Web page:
Physics Stack Exchange is a question and answer site for active researchers, academics and students of physics. Join them; it only takes a minute:

Sign up
Here's how it works:
  1. Anybody can ask a question
  2. Anybody can answer
  3. The best answers are voted up and rise to the top

I am trying to understand three body problem in Newtonian space. I want to make formulation of differential equations for known initial conditions for the case with:

  1. Identical three masses
  2. Periodic solution
  3. Zero Angular momentum

The equations in vector form are:

$$\frac{d^2 \overset{\rightharpoonup }{r}_1}{\text{dt}^2}=\frac{k^2 m_2 \left(\overset{\rightharpoonup }{r}_2-\overset{\rightharpoonup }{r}_1\right)}{r_{12}^3}+\frac{k^2 m_3 \left(\overset{\rightharpoonup }{r}_3-\overset{\rightharpoonup }{r}_1\right)}{r_{13}^3}$$

$$\frac{d^2 \overset{\rightharpoonup }{r}_2}{\text{dt}^2}=\frac{k^2 m_1 \left(\overset{\rightharpoonup }{r}_1-\overset{\rightharpoonup }{r}_2\right)}{r_{12}^3}+\frac{k^2 m_3 \left(\overset{\rightharpoonup }{r}_3-\overset{\rightharpoonup }{r}_2\right)}{r_{23}^3}$$

$$\frac{d^2 \overset{\rightharpoonup }{r}_3}{\text{dt}^2}=\frac{k^2 m_1 \left(\overset{\rightharpoonup }{r}_1-\overset{\rightharpoonup }{r}_3\right)}{r_{13}^3}+\frac{k^2 m_2 \left(\overset{\rightharpoonup }{r}_2-\overset{\rightharpoonup }{r}_3\right)}{r_{23}^3}$$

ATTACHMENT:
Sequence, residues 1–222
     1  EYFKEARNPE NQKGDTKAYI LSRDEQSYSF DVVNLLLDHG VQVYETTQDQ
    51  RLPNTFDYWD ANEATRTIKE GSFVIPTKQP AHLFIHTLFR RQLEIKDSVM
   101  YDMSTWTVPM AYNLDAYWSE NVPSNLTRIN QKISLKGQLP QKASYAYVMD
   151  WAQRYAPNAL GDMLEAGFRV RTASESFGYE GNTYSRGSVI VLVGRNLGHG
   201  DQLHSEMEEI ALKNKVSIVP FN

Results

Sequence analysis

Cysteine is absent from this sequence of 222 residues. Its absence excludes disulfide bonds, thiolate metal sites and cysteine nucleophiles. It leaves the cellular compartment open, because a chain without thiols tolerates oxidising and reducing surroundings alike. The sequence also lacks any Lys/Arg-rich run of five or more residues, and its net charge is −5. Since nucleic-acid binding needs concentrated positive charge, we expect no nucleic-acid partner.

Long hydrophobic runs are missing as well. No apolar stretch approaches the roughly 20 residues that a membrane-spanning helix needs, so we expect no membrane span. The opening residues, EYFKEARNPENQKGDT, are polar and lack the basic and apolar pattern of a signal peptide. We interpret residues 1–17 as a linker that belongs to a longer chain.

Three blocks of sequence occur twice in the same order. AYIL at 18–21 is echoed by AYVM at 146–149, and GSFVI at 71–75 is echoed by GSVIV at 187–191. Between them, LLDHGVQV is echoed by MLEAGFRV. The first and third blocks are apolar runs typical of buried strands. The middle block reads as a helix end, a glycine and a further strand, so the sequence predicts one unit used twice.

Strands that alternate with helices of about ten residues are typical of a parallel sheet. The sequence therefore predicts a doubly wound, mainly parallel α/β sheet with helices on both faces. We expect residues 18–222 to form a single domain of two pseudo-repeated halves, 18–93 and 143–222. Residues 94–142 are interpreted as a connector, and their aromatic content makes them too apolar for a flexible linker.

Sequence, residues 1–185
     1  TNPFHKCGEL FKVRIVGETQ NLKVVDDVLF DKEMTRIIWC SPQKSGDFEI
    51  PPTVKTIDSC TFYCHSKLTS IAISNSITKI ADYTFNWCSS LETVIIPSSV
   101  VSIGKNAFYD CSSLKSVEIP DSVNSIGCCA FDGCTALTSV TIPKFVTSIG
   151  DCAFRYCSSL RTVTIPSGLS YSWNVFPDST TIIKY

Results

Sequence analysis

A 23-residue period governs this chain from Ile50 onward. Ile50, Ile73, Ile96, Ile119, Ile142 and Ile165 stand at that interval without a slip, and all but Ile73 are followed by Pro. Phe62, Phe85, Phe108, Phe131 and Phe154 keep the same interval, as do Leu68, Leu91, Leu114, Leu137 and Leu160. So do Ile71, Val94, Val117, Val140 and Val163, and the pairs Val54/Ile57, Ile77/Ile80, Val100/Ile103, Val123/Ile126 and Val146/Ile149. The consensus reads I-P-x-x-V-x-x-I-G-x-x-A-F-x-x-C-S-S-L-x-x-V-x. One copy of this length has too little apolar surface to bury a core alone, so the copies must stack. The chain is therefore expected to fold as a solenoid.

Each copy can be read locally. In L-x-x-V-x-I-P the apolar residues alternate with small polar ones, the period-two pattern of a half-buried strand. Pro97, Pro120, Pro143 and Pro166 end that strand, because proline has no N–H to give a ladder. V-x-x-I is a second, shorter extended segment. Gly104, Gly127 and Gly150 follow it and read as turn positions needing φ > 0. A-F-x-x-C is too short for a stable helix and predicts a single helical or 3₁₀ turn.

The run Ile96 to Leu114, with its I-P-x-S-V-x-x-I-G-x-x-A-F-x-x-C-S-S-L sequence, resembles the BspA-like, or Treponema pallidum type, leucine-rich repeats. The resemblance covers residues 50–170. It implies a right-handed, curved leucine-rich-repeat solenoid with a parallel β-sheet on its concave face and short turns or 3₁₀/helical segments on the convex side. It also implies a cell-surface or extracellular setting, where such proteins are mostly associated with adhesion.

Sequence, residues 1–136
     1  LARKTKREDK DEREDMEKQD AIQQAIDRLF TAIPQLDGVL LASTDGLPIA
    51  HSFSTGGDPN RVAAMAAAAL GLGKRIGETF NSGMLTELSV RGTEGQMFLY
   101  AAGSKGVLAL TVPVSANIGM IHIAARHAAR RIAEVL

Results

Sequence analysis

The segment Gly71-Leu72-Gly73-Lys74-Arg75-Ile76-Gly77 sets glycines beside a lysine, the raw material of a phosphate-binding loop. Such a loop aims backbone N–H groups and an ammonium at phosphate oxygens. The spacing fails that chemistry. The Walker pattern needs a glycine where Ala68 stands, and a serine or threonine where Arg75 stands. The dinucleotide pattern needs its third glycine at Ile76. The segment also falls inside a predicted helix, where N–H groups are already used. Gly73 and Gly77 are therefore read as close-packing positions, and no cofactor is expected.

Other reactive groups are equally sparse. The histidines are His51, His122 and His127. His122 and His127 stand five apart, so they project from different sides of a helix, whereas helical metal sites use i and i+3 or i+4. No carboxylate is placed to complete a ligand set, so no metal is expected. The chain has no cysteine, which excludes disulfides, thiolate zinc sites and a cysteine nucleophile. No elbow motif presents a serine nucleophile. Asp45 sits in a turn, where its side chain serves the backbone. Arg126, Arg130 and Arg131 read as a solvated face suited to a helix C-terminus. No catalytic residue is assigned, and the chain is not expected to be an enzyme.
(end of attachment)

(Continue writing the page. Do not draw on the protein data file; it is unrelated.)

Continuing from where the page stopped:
where $k$ denotes the gravity constant.

I want to formulate (not solve) this problem properly.

I've found this reference can help understand zero angular momentum. I don't understand it well.

share|cite|improve this question
It is not clear what you're looking for. You have the equations of motion, the only other piece is initial conditions. – DilithiumMatrix Mar 16 '13 at 17:30
ok, initial conditions but how to set them to satisfy periodic solution and angular momentum to be equal to zero – Pipe Mar 16 '13 at 17:58
hope that it is clear what I am looking for. explain mathematically condition of angular momentum to be zero and periodic solution. for two body problem is solvable without these conditions – Pipe Mar 16 '13 at 18:11
Finding periodic solution to the three-body problem is extremely difficult. Very few such solutions are known, despite people working on the problem for hundreds of years. In the last few weeks a recent paper came out with the largest set of such orbits, but its not something you can trivially solve. – DilithiumMatrix Mar 16 '13 at 19:12
@ zhermes thank you for new comments. So the problem of two bodies is nonlinear in basis and then solvable analytically, am I right? I think that you are not right with momentum, this is not a strict condition because rotation of the center of mass should be equal to zero? – Pipe Mar 16 '13 at 19:54

Your Answer


By posting your answer, you agree to the privacy policy and terms of service.

Browse other questions tagged or ask your own question.